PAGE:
Alan Simpson: AARP Harming Debt, Bound by Discounts and 'Erectile Dysfunction Ads'
WASHINGTON -- Former Sen. Alan Simpson (R-Wyo.) told Bloomberg that one urgent step to addressing national fiscal policy is to "go give some kind of voodoo injection to the AARP, because they don't give a damn for people under 50."
"It's a great big group, about 39 million American bound together by airline discounts and RV discounts, from erectile dysfunction ads," said Simpson, 87. "There are still purposes to take care of people who were 50. That means they don't care about their grandchildren, and they were suppose to talk about the debt and the deficit."
"Well, they don't know the difference between the debt and deficit," he added. "...The debt is on automatic pilot. And they've handed it to our grandchildren. You can't make social system solvent. You can't do something with unsustainable course from healthcare. This is absolute madness."
The national debt is currently $21.8 trillion. Simpson and former Clinton White House chief of staff Erskine Bowles founded the bipartisan Campaign to Fix the Debt, with the political arm Fix the Debt Coalition. In September 2017, the coalition sounded the alarm on the "frightening" milestone of reaching $20 trillion.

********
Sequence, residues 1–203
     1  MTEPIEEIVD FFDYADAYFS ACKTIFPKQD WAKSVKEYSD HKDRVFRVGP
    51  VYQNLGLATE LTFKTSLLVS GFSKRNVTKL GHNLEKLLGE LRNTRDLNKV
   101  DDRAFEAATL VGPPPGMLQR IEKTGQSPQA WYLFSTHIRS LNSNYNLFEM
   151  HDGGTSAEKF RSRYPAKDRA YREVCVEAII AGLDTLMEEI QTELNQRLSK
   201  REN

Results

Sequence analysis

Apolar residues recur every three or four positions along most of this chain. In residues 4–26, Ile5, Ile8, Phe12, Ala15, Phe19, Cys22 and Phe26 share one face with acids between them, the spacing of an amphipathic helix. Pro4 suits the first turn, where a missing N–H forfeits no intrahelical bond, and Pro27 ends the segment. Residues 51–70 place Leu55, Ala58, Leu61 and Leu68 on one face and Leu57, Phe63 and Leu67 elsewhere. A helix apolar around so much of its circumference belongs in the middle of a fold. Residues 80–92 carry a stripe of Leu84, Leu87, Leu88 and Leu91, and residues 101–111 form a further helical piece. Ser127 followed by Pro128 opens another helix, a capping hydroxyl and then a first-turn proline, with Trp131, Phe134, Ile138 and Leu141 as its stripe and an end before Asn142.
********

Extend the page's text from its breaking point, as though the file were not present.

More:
Simpson and Bowles chaired President Obama's National Commission on Fiscal Responsibility and Reform and found many of their belt-tightening recommendations ignored by both the White House and congressional Republicans.
In 2010, Simpson wrote in an email, "Yes, I've made some plenty smart cracks about people on Social Security who milk it to the last degree. You know 'em too. It's the same with any system in America. We've reached a point now where it's like a milk cow with 310 million tits!"
The AARP blasted the comments as "offensive" and a "departure from reality."
Simpson later apologized, stressing he cares "deeply about strengthening Social Security" and noting that "over the last 40 years, I have had my size 15 feet in my mouth a time or two."
Simpson will be one of four eulogists Wednesday at the National Cathedral funeral of late President George H.W. Bush.
The three-term senator told Bloomberg he's now experiencing "a wave of emotions."
"And we knew it was coming. We all knew it was coming. In fact, it's like five years ago, they've called me and said, you know, he's having trouble. He'd like you to speak and so on. It was a great, great, great honor. But many said then put the harps back in the closet, remember that one?" Simpson said, recalling visiting Bush over the summer in Kennebunkport.
"Nobody has a degree of the 'country first,' that country George said, 'I nearly died for this country. I fought for this country. I didn't the side for Republicans. I didn't side for the Democrats. I fought for this country that I love,'" he added. "Whatever happened to that -- and that's a damn good question."